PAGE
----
UltraStudio 4K review

Сameras and monitors on the table

Blackmagic Design announced the first UltraStudio 4K model at IBC in 2012. In October 2013 they released an upgraded version, claiming it to be “the world’s first video solution to include super-fast Thunderbolt 2 technology”.

In September 2013 (released to the public in February 2014) the company released an important update to its software layer, Desktop Video 10. The new version, applicable only to UltraStudio 4K and DeckLink 4K Extreme, promised full duplex mode (simultaneous capture and playback) and decreased I/O latency. At this year’s NAB, however, Blackmagic announced two new PCI Express boards — DeckLink SDI 4K and DeckLink Studio 4K; these are to benefit from the new software architecture as well.

We had the 2012 version of UltraStudio 4K available in our lab, so we decided to run some tests and see what we could find out.

Overview, unboxing, and first impressions

The UltraStudio 4K is at the top of Blackmagic’s I/O line that features the ultra-fast Thunderbolt technology. It is designed for rack mount use, has an aluminum front panel with an integrated color LCD and a set of video and audio input buttons. The rear panel features probably all kinds of video and audio connectors that you can think of including SDI, HDMI 4K, analog component, s-video or composite, as well as balanced analog and AES/EBU digital audio.

The 2013 version had several improvements compared to the 2012 version:

  • Support for Ultra HD (3840x2160) capture and playback via 6G-SDI connectors or HDMI (our model features 3G-SDI and works with up to 4K).
  • Thunderbolt 2.
  • Two Thunderbolt ports (instead of only one in the 2012 model) with loop through support (allows connection of up to 6 devices via a single port on the computer).

The newest version is available from Blackmagic for $995.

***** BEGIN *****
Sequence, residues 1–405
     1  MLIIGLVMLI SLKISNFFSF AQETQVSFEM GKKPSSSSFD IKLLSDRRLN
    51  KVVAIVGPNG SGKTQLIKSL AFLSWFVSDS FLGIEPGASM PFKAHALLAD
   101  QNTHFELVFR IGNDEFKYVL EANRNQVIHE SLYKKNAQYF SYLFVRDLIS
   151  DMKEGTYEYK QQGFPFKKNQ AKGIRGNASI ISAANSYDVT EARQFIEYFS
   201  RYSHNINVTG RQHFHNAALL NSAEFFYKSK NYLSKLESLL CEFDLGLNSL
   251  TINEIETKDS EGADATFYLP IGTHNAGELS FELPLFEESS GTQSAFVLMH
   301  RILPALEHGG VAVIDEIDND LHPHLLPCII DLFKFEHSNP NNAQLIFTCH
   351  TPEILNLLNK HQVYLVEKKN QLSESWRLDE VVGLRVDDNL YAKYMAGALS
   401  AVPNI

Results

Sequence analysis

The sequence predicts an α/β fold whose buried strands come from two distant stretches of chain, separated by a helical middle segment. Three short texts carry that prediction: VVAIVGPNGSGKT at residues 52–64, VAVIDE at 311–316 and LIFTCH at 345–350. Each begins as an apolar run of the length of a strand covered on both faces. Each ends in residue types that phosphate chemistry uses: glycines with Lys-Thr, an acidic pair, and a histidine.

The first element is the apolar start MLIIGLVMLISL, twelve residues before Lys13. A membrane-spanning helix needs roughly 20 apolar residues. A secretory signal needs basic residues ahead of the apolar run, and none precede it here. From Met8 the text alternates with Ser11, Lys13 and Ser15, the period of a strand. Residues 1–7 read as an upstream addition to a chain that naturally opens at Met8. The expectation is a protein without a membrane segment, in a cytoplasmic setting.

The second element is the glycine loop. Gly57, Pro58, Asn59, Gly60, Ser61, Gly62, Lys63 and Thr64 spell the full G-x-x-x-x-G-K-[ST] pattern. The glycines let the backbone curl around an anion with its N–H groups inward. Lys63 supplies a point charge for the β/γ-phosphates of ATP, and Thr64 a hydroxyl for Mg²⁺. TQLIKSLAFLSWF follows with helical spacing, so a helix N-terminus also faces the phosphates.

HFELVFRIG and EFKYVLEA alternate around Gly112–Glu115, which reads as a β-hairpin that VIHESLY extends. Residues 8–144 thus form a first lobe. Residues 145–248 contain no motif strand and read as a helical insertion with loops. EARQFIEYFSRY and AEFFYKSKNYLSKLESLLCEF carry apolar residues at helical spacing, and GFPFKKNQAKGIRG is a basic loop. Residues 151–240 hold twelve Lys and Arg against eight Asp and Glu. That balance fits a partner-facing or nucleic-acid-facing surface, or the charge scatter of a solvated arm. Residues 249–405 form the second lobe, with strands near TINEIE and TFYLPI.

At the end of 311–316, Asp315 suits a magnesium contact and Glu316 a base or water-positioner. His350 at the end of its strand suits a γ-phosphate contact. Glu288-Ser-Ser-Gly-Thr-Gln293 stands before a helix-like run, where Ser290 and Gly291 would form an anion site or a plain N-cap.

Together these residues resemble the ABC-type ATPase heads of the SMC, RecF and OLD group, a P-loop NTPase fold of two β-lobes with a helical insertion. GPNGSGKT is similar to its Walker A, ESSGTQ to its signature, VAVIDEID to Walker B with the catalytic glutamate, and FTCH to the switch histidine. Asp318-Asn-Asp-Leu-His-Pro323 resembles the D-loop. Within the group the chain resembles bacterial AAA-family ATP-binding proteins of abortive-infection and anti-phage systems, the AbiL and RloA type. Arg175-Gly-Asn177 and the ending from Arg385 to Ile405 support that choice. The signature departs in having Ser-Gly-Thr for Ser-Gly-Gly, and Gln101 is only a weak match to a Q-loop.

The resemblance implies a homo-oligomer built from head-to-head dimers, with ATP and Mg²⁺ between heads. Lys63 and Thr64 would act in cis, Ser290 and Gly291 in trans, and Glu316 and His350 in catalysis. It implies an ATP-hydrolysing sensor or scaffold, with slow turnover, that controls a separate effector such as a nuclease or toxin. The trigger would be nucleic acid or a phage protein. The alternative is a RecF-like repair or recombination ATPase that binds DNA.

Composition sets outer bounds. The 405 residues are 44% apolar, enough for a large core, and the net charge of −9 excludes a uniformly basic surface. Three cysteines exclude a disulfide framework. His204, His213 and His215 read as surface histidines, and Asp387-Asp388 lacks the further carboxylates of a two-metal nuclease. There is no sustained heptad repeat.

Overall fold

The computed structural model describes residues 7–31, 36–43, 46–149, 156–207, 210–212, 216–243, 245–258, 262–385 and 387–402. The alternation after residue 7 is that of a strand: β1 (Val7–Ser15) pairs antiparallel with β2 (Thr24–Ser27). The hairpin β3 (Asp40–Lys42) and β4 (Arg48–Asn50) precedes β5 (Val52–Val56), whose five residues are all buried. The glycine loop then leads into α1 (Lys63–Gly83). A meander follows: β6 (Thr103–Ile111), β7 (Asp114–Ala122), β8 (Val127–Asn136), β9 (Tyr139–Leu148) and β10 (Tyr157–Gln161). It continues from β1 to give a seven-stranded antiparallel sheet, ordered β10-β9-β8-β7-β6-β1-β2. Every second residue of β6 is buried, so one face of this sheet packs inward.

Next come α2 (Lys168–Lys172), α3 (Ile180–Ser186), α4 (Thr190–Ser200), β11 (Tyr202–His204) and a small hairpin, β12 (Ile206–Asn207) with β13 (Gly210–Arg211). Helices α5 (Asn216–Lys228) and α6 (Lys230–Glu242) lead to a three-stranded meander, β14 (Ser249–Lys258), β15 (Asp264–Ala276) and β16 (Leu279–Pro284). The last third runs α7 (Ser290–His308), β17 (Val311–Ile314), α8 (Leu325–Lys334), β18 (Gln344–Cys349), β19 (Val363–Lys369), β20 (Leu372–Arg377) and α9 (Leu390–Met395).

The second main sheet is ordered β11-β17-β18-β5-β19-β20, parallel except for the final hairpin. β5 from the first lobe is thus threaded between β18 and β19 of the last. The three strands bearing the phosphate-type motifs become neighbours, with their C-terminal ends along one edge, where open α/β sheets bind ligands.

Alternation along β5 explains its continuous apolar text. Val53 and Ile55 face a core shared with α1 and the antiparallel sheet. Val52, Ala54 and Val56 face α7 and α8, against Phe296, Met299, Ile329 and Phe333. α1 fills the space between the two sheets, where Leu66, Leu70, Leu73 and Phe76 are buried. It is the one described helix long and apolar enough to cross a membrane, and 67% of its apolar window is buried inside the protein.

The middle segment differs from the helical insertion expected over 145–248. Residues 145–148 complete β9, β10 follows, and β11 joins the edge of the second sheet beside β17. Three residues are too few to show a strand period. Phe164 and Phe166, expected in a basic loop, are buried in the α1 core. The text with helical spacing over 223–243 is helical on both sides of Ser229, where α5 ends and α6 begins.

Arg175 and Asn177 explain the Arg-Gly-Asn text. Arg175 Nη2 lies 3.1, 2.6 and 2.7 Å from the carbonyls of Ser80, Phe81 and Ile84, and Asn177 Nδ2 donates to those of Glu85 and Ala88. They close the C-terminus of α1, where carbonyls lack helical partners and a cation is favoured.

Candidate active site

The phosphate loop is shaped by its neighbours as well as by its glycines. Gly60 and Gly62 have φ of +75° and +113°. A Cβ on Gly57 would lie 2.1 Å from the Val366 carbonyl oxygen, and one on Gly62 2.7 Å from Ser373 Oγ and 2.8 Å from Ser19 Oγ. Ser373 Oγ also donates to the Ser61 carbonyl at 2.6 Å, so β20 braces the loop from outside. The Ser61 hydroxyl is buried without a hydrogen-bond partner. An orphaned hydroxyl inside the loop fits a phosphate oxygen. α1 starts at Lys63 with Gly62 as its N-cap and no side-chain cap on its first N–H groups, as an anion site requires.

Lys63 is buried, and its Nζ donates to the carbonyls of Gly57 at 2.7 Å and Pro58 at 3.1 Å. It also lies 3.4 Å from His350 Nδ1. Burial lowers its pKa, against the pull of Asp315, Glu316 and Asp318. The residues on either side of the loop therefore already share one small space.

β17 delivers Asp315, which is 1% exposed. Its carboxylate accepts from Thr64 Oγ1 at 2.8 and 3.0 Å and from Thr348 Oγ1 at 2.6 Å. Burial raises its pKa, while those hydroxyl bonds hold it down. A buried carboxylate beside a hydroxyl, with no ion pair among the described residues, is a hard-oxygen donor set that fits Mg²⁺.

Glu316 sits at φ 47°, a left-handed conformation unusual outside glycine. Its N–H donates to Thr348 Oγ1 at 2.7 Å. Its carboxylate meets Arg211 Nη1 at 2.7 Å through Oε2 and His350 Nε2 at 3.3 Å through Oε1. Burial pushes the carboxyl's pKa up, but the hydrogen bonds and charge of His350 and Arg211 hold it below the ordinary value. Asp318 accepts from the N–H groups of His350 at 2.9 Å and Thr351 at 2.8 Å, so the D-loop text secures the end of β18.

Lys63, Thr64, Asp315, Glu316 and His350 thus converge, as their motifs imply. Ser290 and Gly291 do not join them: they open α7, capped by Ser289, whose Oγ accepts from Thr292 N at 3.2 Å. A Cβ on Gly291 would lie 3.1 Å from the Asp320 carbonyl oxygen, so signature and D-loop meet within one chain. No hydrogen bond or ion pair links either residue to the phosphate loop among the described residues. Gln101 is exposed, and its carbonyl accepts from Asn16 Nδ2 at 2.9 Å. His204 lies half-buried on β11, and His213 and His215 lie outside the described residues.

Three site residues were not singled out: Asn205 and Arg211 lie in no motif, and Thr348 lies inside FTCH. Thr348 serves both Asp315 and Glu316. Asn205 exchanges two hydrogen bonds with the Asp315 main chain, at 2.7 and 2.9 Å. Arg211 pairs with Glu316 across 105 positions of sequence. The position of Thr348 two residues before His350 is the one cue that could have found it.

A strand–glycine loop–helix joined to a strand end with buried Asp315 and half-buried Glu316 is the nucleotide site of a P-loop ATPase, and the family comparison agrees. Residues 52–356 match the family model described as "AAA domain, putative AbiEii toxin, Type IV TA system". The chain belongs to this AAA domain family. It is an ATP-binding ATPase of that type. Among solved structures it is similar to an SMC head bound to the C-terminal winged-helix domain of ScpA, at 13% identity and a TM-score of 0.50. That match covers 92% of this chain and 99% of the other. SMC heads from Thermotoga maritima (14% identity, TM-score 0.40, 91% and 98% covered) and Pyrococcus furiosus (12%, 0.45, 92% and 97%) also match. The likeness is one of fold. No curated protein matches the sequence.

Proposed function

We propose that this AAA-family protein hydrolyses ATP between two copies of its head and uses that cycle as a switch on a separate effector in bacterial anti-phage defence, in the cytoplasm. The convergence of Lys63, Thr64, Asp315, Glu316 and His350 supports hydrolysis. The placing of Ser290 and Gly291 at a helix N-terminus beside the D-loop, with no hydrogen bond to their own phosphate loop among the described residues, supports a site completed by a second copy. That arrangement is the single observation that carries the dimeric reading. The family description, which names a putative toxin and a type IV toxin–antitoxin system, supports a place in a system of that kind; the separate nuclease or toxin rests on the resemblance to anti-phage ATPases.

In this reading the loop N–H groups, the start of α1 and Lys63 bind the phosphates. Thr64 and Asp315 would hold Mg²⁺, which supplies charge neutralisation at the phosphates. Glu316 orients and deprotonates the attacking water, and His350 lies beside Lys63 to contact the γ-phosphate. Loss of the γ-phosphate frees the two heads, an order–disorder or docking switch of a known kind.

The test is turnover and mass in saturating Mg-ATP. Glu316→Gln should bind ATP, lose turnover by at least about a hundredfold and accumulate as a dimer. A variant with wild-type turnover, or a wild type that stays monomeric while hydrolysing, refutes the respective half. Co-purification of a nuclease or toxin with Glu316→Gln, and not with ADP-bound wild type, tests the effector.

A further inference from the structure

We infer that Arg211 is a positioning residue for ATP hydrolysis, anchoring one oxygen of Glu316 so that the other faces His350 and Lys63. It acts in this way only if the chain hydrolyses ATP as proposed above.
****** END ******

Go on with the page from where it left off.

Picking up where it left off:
Just as expected for a product of its class, the unboxing was not that exciting: we found just the device and a CD. We were surprised, however, to not find a power cord and a Thunderbolt cable in the box. Of course, we have tons of these in our office — but keep in mind that these are not included.

We loved the solidness of the device, the LCD (proved to be quite handy during our tests) and the input buttons. The thing gives you a really nice geeky feel and (probably) can be used to impress girlfriends.


We used the following configuration while carrying on with the tests. Please note, that our SDK, as of today, works on Windows only. So this test may not be as useful for Mac folks as it will be for our own customers.

Full duplex mode

The first thing we tried was the full duplex mode. We plugged our Sony camera to the HDMI input of the UltraStudio 4K and attached our new Samsung monitor to the HDMI output. We used our Live Source sample to receive the stream from the UltraStudio and used our Playlist sample to play out a different stream to the UltraStudio and to the monitor.

Simultaneous I/O worked perfectly, even when we set different resolutions for the input and output streams:

cameras and monitors on the table

The camera’s SD streams do not look so impressive, so we wanted to try simultaneous I/O of 4K content. But since we didn’t have another 4K source, we used a small trick: connected the UltraStudio’s SDI output to the input and used the Playlist and Live Source samples to send and received the stream.